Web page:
Arizona’s proposed “religious freedom” bill, S.B. 1062, could soon be passed into law and it might have some negative effects that neither side has considered.
This week the Arizona legislators passed a bill through both houses that is garnering national attention, and now the controversial S.B. 1062 sits on the desk of Gov. Jan Brewer. The bill is touted as a defense of religious freedom by some and an appalling form of discrimination by others. As Gov. Brewer considers where to sign, either passing S.B. 1062 into law or vetoing it, eyes from all over are watching her closely.
Arizona currently has laws on the books protecting an individuals rights to observe religious beliefs, S.B. 1062 looks to broaden this protection by including businesses, associations, religious assemblies, and other groups into this same section of state law. If passed it would allow businesses to turn customers away if serving said customer compromises their religious beliefs.
The bill finds its roots in the controversial case of Elane Photography V. Willcox that took place a few years ago in New Mexico, in which a photography company was found to have violated state anti-discrimination laws by refusing to take photos of a same-sex wedding ceremony claiming religious reasons. Arizona law makers are wanting to keep their business owners from similar lawsuits, thus the amendments to Arizona law that S.B. 1062 looks to make.
Many business owners are crying out in hopes that the bill will be vetoed, claiming that passing it may drive business away from the state. Their fear is that adding another bill that is viewed as discriminatory will severely increase negative attitudes about the state, there fears are well founded as a similar situation occurred a few years ago with the passing of the disputed immigration bill S.B. 1070.
Proponents of the bill are saying that it only increases protection of the rights of people to follow their religious beliefs. Without this protection members of many faiths may be forced to cross religious boundaries out of fear of litigation for refusing service.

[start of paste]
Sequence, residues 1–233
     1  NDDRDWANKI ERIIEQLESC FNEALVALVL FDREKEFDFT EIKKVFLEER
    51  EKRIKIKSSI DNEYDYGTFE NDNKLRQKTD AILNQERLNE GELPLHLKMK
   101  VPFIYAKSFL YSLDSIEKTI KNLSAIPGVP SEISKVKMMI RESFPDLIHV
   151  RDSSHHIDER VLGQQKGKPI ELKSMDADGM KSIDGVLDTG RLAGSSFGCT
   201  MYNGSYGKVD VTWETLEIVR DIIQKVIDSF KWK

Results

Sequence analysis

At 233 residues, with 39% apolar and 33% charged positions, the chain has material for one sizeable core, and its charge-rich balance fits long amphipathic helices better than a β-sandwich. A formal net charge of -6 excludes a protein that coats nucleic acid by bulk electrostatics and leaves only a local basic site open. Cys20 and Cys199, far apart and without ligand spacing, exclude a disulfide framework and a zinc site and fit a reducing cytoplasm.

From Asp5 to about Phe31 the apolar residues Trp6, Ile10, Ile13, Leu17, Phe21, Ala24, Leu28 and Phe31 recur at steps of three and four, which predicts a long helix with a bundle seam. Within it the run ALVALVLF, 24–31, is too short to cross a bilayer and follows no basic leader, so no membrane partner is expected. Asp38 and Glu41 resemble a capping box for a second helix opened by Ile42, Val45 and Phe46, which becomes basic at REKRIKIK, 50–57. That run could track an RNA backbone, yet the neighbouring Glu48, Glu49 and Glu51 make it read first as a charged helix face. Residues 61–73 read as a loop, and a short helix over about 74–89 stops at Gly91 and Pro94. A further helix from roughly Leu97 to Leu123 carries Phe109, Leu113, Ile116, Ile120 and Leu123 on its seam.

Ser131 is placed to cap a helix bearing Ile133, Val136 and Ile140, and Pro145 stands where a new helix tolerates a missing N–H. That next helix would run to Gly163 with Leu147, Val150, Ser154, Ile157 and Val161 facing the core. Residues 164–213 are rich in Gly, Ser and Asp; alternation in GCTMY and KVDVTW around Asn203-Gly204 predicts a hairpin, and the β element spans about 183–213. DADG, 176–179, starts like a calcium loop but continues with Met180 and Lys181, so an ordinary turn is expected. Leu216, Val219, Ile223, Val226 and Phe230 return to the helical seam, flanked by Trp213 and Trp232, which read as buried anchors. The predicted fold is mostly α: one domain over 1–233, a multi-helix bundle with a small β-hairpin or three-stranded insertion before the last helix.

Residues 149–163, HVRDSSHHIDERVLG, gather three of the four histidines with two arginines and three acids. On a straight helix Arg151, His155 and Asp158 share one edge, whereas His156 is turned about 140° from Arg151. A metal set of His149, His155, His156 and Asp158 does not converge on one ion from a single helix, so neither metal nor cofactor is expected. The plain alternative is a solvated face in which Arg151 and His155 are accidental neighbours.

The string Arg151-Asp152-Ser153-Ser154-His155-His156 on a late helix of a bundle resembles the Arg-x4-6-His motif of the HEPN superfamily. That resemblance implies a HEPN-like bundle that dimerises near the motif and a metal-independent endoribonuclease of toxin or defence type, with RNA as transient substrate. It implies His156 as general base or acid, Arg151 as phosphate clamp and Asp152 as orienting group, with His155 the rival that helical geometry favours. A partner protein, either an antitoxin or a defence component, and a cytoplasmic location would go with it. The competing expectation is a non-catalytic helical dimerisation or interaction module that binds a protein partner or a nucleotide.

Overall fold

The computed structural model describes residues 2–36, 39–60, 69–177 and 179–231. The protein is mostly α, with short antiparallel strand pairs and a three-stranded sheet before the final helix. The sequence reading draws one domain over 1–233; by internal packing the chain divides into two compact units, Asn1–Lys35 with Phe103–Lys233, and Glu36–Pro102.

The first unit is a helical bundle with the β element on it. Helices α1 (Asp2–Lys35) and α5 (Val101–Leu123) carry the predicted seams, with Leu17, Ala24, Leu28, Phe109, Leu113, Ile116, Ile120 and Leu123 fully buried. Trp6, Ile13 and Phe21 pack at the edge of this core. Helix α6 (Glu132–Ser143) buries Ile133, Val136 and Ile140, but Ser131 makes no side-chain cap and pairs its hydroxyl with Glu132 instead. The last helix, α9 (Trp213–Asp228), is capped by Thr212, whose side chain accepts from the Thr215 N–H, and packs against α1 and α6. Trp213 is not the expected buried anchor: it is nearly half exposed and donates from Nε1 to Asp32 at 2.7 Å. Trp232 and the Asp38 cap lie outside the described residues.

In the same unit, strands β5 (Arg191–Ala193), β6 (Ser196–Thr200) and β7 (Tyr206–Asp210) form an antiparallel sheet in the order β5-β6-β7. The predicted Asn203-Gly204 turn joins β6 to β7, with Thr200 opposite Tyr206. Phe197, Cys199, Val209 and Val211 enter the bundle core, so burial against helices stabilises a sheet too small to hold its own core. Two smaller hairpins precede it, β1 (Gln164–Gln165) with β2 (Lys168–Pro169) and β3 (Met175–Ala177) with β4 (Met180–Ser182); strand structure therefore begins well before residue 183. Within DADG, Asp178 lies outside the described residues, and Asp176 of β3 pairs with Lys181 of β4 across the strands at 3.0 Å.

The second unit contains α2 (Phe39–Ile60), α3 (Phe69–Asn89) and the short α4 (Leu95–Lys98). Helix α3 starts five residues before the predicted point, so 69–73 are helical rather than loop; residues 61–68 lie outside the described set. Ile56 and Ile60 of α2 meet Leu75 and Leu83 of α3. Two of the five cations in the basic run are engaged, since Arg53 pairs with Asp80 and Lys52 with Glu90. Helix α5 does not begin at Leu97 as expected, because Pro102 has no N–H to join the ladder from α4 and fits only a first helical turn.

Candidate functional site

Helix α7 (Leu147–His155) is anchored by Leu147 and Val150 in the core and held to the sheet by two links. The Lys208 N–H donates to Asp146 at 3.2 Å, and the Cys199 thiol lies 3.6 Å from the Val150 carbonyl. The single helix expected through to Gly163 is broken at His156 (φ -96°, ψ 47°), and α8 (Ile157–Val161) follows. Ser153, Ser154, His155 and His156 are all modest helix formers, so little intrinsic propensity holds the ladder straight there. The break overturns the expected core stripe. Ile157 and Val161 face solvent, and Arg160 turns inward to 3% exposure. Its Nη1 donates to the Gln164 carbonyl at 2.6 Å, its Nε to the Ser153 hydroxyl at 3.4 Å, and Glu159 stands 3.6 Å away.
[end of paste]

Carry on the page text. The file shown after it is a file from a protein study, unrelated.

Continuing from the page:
It is true that the bill only seeks to bolster existing religious freedom laws, but it may come at a cost. Believers and Non-Believers have been butting heads for most of human history, and another legal battle one way or the other does not seem like a good idea. By staunchly supporting it many believers are viewed as bigoted or as preaching hatred, while those against are accused of detracting from truth and attacking the rights of citizens.
Forcing customers to leave and hiding behind a shield of legal proceedings hardly seems an appropriate way to show the love for others commanded by many faiths. At the same time barging in on a business with the same documents as battering rams is no way to gain acceptance. Not passing it could leave the door open to many terrible lawsuits, but passing it may only widen the perceived gap between non-believers and religion. It makes sense to want to support anything touted as protecting our rights but sometimes that push can bring some unseen circumstances that ultimately bring more discord or even take away the freedoms of others, a price few would be willing to accept.
As a society we need to create room for meaningful conversations and not take every little disagreement to a court room. Believers need to be willing to give a little of that grace they soak up so well, and non-believers need to be willing to respect the practices of others. Instead of acting out of fear of litigation a business owner should feel free to discuss their personal beliefs with customers, in a respectful manner, and how their daily lives are led by said beliefs. Would be customers need to be willing to listen and react maturely, and join into the discussion hoping to produce some meaningful results. Talking to someone through lawyers hardly ever shows love or a willingness to accept our differences, a lesson both sides need to hear.
–Photo: Nicolas Raymond/flickr